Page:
You are now leaving this site and you'll be redirected to the Interbrand Global website.
Market dynamics are changing and there are value creation opportunities everywhere. There have been a spectacular number of M&As announced over the past decades. From 1996 to 2016 the number of global M&As has almost doubled, rising from 24,709 valued at USD $1,222 billion to 47,846, valued at USD $3,513 billion.
Brazil alone saw 598 M&As in 2016 valued at USD $44.6 billion, versus 182 in 1996 USD valued at $11.7 billion—with a major spike in between (the number jumped to 982 in 2008). Brazil is still undergoing its own major consolidations—a developing country that’s facing huge economic and political crises creates the ideal environment to practice this discipline.
Whether this is just the beginning, the middle, or the end of this trend is not yet known. What we do know is that investing in the brand is a powerful—and measurable—approach to M&A success.
Setting criteria for the brand decision
In the distressed atmosphere of an ongoing merger, the “brand space” can become an inspirational canvas on which to map the M&A’s success. The most important thing is to decide what to retain from each company, what to drop, and what has yet to be created.
Defining the correct criteria and KPIs to support this decision is the first step. While there are many benchmarks of success and failure to study, this is a chance to challenge the status quo and develop a solution tailored to your particular brand and business.
Understanding the synergies and risks will require a careful analysis of multiple dimensions: the business vision, culture, strategy, identity (verbal and visual), performance, and the impact on stakeholders of the merging brands.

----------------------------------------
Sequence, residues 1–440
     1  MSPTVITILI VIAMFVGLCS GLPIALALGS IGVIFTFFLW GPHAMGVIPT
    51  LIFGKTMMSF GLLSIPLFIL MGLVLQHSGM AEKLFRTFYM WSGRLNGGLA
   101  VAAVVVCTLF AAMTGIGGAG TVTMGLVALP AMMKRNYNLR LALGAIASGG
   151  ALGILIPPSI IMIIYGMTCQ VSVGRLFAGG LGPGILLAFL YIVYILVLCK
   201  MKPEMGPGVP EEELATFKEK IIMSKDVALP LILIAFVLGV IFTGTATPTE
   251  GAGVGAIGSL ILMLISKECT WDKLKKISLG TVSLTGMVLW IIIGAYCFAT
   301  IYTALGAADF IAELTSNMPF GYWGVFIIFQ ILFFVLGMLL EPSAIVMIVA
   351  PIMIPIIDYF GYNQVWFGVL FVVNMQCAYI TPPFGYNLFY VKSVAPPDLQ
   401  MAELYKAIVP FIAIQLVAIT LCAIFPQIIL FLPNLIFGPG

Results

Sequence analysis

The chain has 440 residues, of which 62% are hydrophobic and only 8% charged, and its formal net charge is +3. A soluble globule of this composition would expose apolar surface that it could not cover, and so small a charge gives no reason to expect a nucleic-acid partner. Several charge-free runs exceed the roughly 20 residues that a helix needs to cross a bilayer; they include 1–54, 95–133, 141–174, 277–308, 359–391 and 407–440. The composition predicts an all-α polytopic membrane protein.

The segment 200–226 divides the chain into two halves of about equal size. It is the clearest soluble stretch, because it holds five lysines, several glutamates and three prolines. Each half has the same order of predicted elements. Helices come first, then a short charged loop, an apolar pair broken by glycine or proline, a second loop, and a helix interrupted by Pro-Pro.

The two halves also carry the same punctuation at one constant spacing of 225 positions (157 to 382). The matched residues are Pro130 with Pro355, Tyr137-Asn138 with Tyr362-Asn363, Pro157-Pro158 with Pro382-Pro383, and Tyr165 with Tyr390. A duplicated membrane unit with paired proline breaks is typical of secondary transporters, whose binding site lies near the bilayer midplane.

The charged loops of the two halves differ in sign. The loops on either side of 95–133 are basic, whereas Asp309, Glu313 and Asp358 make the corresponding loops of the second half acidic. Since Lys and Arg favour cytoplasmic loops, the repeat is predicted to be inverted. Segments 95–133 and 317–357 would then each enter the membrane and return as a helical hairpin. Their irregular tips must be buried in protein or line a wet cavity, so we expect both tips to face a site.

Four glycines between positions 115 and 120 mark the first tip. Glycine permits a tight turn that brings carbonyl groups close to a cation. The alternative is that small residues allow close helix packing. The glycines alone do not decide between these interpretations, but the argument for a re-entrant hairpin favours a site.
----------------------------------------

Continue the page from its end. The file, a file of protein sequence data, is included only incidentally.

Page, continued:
Making the business case for the M&A brand
Building a business case for branding is a complex task, especially for businesses operating on a global scale. It can cost over a million dollars just to register a brand name in some countries. And changing a brand identity across numerous touchpoints is a significant undertaking—especially for consumer industries that have packaging, signage, delivery fleets, etc.
A hero example of a branding project that challenged the rules of M&A in its industry is LATAM Airlines—the result of the merger between LAN and TAM to create the largest airline in Latin America.
The objective—a single, new Conciliatory Brand—was a disruptive one. This was the first time a major airline merger resulted in the creation of just one new brand.
It was the ideal solution in this case, but a bold one. There were so many dimensions to consider: different cultures, countries, owner families, passions, political implications, system integrations, and a really complex implementation. It needed to prove that the cost of change would be balanced by the benefit of these new synergies. The business case was crucial to getting both airlines on board with the major changes about to occur.
Managing the M&A’s immediate impact
After creating the ideal solution, and supporting it with a solid case, the next challenge is establishing the rhythm of the project itself. While the merging organizations are dealing with the rational and emotional impacts of the deal, competitors are probably out there moving fast and taking advantage of the inertia.